For me, the message of the supposed resurrection is that resurrection -- interpreted as personal transformation -- is possible. It is not only possible, but desirable -- for it means that one will begin to live one’s life differently. How? Paul stated this well in Chapter 5, Verses 19 to 26 of the Epistle to the Galatians. This writing was appropriate for his time, but not necessarily ours, of course. From the New Internatonal Version (NIV):
"The acts of the flesh are obvious: sexual immorality, impurity and debauchery; idolatry and witchcraft; 6 hatred, discord, jealousy, fits of rage, selfish ambition, dissensions, factions and
envy; drunkenness, orgies, and the like. I warn you, as I did before, that those who live like this will not inherit the kingdom of God.
But the fruit of the Spirit is love, joy, peace, forbearance, kindness, goodness, faithfulness, gentleness and self-control. Against such things there is no law. Those who belong to Christ
Jesus have crucified the flesh with its passions and desires. Since we live by the Spirit, let us keep in step with the Spirit. Let us not become conceited, provoking and envying each other." 7
What’s notable about this passage is Paul’s reference to “crucifying” the flesh. What this suggests to me as that he may have regarded stories of Jesus’s crucifixion as mere stories, with the passage as a whole suggesting to me that he may also have regarded stories of Jesus’s resurrection as being mere stories -- with both of them, however, having symbolic significance.
Just as Scrooge, in The Christmas Carol, 8 had “experiences” that resulted in his transformation behaviorally as a human, and Bill Murray (in Groundhog Day) 9 had a different set of “experiences” that resulted in him becoming a “new man” behaviorally, so is it possible, suggests Paul, that we too, as moderns, can undergo a transformation. In addition, there is the suggestion that after one experiences a transformation of one’s personality, one should submit oneself to the sort of water baptism that is said to have been engaged in by John the Baptizer. Why?
Subjecting oneself to immersion in water represents a “dying” of one’s old self, with the re-emergence from the water representing a “new birth” -- a starting afresh in a new life, with a new personality -- one having, above all, new behavioral implications. In subjecting oneself to immersion in water, one:
Is declaring to others that “if you are unable to perceive me as a different person, you haven’t been paying enough attention to my behavior, for I am, now, a transformed being -- in effect a ‘new man,’ whose behavior differs substantially from my previous behavior -- in the direction of ‘goodness’.”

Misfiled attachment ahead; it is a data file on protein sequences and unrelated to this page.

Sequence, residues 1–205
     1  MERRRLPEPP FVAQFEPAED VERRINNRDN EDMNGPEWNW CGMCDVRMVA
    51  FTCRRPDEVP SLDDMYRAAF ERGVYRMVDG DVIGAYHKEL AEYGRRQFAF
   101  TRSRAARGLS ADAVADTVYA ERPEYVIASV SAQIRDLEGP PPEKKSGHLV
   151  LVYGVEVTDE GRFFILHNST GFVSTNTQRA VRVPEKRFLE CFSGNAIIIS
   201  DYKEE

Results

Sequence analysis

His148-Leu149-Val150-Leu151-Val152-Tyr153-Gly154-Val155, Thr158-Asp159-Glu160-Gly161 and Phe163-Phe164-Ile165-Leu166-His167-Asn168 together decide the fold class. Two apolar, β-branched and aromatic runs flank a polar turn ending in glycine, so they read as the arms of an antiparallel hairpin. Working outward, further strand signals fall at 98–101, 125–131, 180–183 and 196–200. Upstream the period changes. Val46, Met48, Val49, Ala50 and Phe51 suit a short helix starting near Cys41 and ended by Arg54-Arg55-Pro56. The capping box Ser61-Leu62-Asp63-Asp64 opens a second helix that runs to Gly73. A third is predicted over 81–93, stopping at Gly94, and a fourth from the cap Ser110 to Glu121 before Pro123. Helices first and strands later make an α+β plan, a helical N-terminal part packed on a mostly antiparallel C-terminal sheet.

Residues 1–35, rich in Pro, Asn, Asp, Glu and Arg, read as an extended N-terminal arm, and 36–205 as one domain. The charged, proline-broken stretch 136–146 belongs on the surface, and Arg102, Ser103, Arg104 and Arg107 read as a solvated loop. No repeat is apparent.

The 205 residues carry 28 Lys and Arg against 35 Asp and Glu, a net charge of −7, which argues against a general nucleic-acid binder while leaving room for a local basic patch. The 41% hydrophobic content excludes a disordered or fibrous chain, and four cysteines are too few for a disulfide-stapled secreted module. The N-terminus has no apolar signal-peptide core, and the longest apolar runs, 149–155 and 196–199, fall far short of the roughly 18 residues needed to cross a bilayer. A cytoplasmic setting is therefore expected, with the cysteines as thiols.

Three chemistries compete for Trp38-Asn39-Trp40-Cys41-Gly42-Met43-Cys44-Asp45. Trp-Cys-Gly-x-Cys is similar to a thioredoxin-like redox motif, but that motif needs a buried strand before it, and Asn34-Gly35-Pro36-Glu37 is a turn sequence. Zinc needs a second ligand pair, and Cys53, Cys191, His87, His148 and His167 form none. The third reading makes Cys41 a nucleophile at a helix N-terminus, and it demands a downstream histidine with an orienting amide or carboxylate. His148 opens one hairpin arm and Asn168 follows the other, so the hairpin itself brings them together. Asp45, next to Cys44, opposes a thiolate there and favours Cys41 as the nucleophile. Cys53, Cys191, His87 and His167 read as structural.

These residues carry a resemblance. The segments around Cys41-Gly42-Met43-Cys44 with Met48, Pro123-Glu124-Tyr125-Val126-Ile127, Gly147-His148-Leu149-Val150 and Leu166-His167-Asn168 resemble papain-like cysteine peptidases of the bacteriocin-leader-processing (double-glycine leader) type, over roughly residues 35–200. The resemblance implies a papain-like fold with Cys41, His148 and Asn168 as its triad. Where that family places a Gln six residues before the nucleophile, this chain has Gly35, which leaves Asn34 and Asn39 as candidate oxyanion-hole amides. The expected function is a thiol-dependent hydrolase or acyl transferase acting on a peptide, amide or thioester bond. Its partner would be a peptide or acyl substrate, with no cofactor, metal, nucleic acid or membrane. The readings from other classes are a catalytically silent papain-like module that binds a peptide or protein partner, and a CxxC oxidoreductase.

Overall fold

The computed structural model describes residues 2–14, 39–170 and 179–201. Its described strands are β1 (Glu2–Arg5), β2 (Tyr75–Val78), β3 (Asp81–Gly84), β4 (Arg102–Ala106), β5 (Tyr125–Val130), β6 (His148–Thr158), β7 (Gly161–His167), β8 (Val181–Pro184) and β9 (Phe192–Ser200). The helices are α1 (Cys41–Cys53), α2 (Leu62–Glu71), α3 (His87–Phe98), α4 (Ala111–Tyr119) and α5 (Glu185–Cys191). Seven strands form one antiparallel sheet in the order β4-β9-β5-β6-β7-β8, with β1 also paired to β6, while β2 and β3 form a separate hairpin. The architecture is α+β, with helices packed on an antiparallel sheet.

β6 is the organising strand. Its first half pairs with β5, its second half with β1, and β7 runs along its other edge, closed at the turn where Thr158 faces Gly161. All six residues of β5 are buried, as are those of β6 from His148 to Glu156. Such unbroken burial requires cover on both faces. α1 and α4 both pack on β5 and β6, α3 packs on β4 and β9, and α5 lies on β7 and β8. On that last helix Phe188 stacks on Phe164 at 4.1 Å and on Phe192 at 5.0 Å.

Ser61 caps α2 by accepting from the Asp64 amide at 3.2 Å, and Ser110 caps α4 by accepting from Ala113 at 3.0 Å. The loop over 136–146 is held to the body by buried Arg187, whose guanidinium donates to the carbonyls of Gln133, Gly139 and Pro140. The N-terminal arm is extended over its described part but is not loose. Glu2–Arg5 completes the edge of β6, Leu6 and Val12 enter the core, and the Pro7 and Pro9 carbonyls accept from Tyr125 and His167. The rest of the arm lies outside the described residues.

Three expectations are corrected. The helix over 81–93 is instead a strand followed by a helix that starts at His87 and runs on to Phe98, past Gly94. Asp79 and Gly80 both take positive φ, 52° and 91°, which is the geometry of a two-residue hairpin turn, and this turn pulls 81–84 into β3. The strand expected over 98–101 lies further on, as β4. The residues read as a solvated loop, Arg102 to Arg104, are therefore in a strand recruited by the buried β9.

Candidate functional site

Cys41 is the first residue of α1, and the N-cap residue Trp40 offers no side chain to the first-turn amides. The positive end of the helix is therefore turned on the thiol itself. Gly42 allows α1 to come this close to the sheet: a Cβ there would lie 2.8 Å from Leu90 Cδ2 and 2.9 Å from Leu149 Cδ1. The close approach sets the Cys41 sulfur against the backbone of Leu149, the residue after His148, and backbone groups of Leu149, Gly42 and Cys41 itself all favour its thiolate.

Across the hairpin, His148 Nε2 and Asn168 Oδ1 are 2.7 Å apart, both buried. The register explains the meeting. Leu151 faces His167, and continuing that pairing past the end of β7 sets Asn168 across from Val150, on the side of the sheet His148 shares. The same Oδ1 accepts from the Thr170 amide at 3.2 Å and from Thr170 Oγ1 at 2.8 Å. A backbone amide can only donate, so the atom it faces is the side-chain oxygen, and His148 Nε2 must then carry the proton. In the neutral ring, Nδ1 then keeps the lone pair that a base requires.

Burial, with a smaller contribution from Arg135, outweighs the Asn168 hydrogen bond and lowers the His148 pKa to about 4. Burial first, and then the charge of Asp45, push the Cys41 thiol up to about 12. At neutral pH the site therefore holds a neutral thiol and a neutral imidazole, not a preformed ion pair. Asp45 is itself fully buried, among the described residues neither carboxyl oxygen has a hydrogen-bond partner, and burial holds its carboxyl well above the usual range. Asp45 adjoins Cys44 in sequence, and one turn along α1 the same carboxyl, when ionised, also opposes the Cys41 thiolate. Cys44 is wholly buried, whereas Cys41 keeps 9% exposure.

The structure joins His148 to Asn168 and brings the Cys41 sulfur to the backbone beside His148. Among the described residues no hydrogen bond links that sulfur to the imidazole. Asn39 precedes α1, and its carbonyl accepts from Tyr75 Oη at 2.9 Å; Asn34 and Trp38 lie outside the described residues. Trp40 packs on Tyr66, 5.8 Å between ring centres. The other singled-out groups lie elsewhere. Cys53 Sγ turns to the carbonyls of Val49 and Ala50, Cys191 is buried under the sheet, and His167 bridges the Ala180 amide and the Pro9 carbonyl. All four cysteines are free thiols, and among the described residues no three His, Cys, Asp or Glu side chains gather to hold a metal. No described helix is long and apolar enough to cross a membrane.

Can use this public display symbolizing one’s transformation as a means of keeping one “on the straight and narrow.” That is, one’s remembrance of this public event can help one resolve to not allow oneself to “backslide” into one’s old self.
The important question here not answered by Paul is: How can this transformation be accomplished? Scrooge accomplished his transformation not by consciously seeking it but, rather, by being presented with scenes from his past. Bill Murray also did not seek transformation, but received it by being given (in a dream) experiences that all turned out not to his liking until he was given the “right” experience. These are, of course, fictional accounts, so neither is helpful for learning how to become transformed.
However, in my Worship: An Exercise in Revisioning (written under a pseudonym), I discuss this matter (see, e.g., p. 56), and suggest an institution, participation in which might lead to transformation (see p. 38 ff.) Unfortunately, that institution has not been given a trial.
I will not myself be celebrating Easter because I regard doing so as a travesty -- given Easter’s orientation to an alleged event, thus to belief, not to behavior. I wish that the ideas in my Worship eBook would have been implemented, but they haven’t been.
The following information sources were used to prepare and update the above
essay. The hyperlinks are not necessarily still active today.
Beth Patch, "The real meaning of Easter," The Christian Broadcasting Network, 2015, at: http://www.cbn.com/
Alton Thompson's religious beliefs are grounded in Scientific Skepticism (a.k.a. Empirical Skepticism, Zeteticism). This is a belief that one should not accept the beliefs asserted by others until and unless convincing proof becomes available for the validity of those beliefs.
Quoted from The Guardian newspaper. Article is no longer available.
In the Christian Scriptures (a.k.a. New Testament) the term translated into English as "witchcraft" generally referred to individuals who used poisons to murder people. It is unrelated to the practice of Wicca -- a Celtic Neopagan religion -- today. Unfortunately, the term "witchcraft" today has over a dozen conflicting meanings.